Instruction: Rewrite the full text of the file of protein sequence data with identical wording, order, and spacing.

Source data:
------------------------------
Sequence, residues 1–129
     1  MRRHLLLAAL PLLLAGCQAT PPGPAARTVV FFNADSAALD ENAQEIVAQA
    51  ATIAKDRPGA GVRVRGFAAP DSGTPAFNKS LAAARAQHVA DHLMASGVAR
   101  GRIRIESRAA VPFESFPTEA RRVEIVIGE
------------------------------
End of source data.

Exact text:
Sequence, residues 1–129
     1  MRRHLLLAAL PLLLAGCQAT PPGPAARTVV FFNADSAALD ENAQEIVAQA
    51  ATIAKDRPGA GVRVRGFAAP DSGTPAFNKS LAAARAQHVA DHLMASGVAR
   101  GRIRIESRAA VPFESFPTEA RRVEIVIGE